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dc.contributor.advisorKennedy, Margaret A.en_US
dc.creatorSt. Denis, Michaelen_US
dc.date.accessioned2008-11-13T12:19:56Zen_US
dc.date.accessioned2013-01-04T05:08:19Z
dc.date.available2009-11-14T08:00:00Zen_US
dc.date.available2013-01-04T05:08:19Z
dc.date.created2002-10en_US
dc.date.issued2002-10en_US
dc.date.submittedOctober 2002en_US
dc.identifier.urihttp://hdl.handle.net/10388/etd-11132008-121956en_US
dc.description.abstractIn 1929 the New York Stock Exchange crashed, ushering in a decade that would come to be known as the Great Depression. Although the Depression was a global phenomenon its impact was influenced by a variety of local economic and environmental conditions. On the prairies, a nearly decade long drought occurred at the same time forcing people from farms and driving thousands of people into unemployment. By the summer of 1932 conditions deteriorated to the point where the Conservative Government, under the leadership of Prime Minister Richard B. Bennett, enacted a federally supported relief program. Relief camps, which provided room, board and a meagre allowance in exchange for work, opened under the administration of both the Department of National Defence and, within the western National Parks and Point Pelee, Parks Canada. Over the course of the following three years an estimated 200,000 men worked in these camps. Although a dramatic event in Canadian history scant literature is available, either historically or archaeologically, on relief camps. This thesis is an attempt to address the lack of data, particularly archaeological, on this topic through an examination of a relief camp, Camp #9 (153N) in Prince Albert National Park. Often lauded as the paragon of economic systems, fundamental insights into capitalism and individuals' places in it might best be accomplished through examination of when this system falters, as it did in the 1930s. By examining consumer choice, or what the men of Camp #9 chose to buy with their limited resources, insight into the social value of some commodities can be gauged. This thesis examines the role of agency in consumer choice and explores its social implications during the Depression in the context of a National Park relief camp. Three models are proposed that explore alcohol consumption at Camp #9 and help elucidate how the men of this relief camp actively shaped and responded to their experience of the Depression I hope this work not only shows the value of archaeological investigation of relief camps but also of the 20th century as a whole while providing a necessary contribution to these particular fields of Canadian archaeology.en_US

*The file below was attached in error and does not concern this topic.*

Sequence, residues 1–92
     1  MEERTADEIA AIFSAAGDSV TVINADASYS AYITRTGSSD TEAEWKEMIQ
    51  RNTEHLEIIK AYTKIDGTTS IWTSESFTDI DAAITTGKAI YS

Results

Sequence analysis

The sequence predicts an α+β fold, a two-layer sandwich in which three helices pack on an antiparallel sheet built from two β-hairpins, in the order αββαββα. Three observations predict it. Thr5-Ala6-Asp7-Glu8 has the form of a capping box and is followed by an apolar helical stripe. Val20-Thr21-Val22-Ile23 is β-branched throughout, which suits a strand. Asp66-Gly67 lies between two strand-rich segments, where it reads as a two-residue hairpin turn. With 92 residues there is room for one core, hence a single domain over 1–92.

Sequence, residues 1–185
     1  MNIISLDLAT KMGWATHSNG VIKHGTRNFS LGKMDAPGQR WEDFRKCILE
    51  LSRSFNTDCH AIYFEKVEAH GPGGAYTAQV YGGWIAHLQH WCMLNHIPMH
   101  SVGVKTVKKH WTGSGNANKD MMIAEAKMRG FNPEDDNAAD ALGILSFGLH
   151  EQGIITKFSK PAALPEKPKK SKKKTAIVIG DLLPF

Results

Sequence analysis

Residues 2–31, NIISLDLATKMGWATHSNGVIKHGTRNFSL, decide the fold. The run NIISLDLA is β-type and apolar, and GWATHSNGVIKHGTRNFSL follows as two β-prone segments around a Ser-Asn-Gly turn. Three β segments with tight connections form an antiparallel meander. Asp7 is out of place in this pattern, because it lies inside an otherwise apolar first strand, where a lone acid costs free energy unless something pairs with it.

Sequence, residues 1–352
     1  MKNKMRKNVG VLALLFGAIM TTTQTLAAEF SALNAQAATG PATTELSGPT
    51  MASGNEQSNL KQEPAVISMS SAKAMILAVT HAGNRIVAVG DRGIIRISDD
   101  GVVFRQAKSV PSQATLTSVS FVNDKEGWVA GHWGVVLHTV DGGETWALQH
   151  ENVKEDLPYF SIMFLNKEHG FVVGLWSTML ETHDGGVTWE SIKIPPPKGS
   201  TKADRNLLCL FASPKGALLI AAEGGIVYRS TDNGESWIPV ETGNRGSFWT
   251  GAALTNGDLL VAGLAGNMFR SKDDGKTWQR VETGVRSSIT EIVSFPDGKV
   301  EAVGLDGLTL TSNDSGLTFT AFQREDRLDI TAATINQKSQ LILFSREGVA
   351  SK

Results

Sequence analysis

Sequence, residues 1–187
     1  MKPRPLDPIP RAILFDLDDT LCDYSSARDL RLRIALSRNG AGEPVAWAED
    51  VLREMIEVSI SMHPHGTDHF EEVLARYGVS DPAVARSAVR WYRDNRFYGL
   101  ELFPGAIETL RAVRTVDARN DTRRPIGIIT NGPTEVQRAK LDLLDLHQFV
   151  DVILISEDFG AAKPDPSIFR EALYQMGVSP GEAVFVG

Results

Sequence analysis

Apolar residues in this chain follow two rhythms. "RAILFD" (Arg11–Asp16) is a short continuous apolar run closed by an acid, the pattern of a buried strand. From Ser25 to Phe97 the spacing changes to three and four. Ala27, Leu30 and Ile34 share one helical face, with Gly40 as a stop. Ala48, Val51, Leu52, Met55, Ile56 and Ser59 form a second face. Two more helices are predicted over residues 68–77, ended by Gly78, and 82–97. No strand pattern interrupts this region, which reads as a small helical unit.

dc.language.isoen_USen_US
dc.titleCamp #9 : an historical and archaeological investigation of a depression era relief camp in Prince Albert National Parken_US
thesis.degree.departmentAnthropology and Archaeologyen_US
thesis.degree.disciplineAnthropology and Archaeologyen_US
thesis.degree.grantorUniversity of Saskatchewanen_US
thesis.degree.levelMastersen_US
thesis.degree.nameMaster of Arts (M.A.)en_US
dc.type.materialtexten_US
dc.type.genreThesisen_US
dc.contributor.committeeMemberDe Brou, Daveen_US
dc.contributor.committeeMemberLinnamae, Urveen_US


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